Every revelation that has been received was received at some specific geographical place and at some specific point in time and in connection with some specific situation. But the past becomes buried by the passage of time and the accumulation of tradition. All the while, life goes on, new experiences arise, new people come into prominence, and former leaders pass on. As a consequence, there often forms a vacuum of understanding; false concepts are gradually developed and incorrect impressions are formed. To correct this situation we often have to become literary archaeologists and dig down to the original sources so as to view them as they really are. When we do this, we will see things we had not noticed before no matter how many times we have trodden the path.
It matters not how well a person knows the surface of the ground and how many times he has traversed the land; he can never know what lies even close under the surface—what forms of architecture, what relics of art, and what message the past can convey—until he, or someone else, will remove the surface accumulation and examine the facts remaining from an earlier day.
It is the same way with the Doctrine and Covenants and the JST. Reading only the surface of the printed page does not give the necessary comprehension to understand the significance of some of its plainest messages. Sometimes it is only by going to sources earlier than the printed page, to the original or at least prepublication manuscripts, that one can re-create enough historical framework to see the relationships. When we see the development that has taken place, we gain a more accurate perception and appreciation for the printed page. Until we know the background, our understanding is apt to be superficial and fragmented.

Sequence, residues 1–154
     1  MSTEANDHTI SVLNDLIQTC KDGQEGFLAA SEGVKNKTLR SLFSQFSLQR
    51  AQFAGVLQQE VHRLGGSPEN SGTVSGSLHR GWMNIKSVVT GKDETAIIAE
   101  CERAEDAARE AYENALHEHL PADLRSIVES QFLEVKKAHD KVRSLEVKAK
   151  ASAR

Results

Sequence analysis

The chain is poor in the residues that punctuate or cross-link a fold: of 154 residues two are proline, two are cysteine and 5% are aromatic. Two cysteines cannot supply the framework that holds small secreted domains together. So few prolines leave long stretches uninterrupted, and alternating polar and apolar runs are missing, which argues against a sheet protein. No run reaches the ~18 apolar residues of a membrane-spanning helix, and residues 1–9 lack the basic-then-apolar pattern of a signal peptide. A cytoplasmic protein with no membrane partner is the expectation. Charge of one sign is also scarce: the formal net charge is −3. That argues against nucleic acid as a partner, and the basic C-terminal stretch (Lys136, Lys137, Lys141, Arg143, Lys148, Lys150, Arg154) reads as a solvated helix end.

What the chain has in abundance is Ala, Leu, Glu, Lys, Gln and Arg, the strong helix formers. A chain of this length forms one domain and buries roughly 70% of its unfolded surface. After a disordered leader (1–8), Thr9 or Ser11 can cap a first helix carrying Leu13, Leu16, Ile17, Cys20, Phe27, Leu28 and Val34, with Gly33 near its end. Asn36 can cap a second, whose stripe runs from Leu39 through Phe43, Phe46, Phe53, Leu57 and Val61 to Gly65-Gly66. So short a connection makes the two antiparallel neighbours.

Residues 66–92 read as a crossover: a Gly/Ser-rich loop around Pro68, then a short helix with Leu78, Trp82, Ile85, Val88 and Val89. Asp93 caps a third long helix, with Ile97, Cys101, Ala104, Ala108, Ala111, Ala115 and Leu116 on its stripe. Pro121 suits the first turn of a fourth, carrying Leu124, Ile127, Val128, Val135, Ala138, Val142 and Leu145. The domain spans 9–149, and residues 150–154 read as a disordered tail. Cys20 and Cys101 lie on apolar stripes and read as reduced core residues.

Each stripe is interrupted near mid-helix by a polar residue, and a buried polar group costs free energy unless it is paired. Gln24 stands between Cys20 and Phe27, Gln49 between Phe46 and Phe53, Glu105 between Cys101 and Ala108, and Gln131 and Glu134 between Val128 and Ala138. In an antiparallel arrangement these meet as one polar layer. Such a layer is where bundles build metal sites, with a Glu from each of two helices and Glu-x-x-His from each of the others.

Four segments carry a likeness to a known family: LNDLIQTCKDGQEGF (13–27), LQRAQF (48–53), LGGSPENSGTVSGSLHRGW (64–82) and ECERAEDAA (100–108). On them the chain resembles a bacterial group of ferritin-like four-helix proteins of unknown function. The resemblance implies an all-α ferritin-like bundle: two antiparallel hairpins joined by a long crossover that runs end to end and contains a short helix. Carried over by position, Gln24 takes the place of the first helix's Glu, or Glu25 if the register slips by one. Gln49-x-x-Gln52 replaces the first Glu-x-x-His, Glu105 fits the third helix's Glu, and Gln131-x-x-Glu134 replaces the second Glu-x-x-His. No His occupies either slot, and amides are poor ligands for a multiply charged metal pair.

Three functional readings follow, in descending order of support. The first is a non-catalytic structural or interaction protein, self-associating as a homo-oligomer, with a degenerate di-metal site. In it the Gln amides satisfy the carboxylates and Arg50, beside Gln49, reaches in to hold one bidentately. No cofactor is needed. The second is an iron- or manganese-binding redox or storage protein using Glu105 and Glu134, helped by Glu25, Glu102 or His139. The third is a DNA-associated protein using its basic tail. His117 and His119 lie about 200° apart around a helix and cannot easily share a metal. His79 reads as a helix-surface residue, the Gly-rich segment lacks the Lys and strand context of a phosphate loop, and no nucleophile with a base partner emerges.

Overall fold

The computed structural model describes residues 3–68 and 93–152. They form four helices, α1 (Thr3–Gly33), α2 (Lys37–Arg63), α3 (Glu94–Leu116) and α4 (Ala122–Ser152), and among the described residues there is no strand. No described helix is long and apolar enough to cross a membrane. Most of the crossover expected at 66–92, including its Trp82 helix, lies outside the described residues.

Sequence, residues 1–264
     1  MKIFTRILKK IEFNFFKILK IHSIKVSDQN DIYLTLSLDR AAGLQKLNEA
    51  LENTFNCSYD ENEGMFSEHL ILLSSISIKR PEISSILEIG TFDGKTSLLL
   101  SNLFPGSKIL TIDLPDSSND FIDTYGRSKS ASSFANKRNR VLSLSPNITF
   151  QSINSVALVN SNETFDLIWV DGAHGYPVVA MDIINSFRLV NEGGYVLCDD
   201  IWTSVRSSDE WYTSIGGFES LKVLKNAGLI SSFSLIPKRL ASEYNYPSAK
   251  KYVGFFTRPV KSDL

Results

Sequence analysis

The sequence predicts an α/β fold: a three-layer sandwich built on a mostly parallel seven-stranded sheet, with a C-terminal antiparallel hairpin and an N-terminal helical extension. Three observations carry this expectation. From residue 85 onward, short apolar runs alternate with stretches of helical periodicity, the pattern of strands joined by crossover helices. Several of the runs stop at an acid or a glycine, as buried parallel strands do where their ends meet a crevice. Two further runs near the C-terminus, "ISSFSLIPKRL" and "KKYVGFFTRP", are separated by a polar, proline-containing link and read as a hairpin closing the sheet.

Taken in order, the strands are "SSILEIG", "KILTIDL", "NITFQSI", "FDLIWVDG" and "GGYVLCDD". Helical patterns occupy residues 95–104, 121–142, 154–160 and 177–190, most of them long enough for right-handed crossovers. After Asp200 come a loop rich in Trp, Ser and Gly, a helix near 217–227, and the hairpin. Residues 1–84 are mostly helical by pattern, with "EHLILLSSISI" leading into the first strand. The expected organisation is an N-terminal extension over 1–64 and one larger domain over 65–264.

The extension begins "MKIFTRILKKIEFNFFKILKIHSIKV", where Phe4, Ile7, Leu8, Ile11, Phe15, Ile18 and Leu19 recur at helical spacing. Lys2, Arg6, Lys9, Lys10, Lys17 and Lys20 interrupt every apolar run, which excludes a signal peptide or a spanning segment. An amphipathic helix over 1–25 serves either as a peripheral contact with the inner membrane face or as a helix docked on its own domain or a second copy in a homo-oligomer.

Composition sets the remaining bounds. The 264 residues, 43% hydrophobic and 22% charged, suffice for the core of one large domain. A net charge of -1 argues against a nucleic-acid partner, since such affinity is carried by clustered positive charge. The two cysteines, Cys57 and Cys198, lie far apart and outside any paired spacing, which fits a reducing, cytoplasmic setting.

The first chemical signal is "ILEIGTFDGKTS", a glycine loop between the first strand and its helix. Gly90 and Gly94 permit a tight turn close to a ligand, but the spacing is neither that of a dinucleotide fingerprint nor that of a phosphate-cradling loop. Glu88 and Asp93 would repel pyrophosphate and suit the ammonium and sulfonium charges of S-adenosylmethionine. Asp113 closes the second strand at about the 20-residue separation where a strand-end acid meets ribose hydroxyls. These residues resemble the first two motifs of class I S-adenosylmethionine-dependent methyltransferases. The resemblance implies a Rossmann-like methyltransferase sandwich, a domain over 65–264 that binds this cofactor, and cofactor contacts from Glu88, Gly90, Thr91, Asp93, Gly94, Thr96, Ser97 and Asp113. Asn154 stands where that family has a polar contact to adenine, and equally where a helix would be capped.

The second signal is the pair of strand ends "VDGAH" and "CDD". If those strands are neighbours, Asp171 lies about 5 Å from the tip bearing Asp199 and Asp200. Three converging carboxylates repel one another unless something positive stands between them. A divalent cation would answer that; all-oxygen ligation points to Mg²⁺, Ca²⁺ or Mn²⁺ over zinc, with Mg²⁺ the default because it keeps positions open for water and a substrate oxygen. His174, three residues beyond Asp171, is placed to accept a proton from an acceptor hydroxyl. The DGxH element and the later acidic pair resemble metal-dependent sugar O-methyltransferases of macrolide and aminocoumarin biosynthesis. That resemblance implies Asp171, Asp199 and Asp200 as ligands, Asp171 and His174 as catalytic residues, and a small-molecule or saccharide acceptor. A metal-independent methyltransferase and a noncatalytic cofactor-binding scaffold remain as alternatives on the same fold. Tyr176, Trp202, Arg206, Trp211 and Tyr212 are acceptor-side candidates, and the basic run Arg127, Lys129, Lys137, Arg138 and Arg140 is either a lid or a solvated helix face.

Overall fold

In making an inquiry as to the relationships between the Doctrine and Covenants and the JST, we need to begin with a few basic dates and concepts. The Prophet Joseph Smith said that if a man could gaze into heaven for five minutes, he would learn more about heaven than by reading all that has ever been written on the subject. In like manner, if we could return to 1830, 1831, or 1844 and talk with the Prophet or walk about the streets and observe conditions, we could no doubt learn something that we have so far missed about how and why some revelations were received. But as we cannot return, we are obliged to reconstruct the history as best we can with the facts that are available. This can be pleasantly rewarding because by excavation, we will begin to see things we had not seen before.